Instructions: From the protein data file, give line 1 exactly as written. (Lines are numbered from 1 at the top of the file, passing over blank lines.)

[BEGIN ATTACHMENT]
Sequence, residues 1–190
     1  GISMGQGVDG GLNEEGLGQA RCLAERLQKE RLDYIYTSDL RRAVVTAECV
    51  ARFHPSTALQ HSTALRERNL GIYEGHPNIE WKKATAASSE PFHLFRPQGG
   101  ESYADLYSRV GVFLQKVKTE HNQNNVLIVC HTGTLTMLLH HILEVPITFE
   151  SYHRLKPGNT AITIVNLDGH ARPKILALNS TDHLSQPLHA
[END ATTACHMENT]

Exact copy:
Sequence, residues 1–190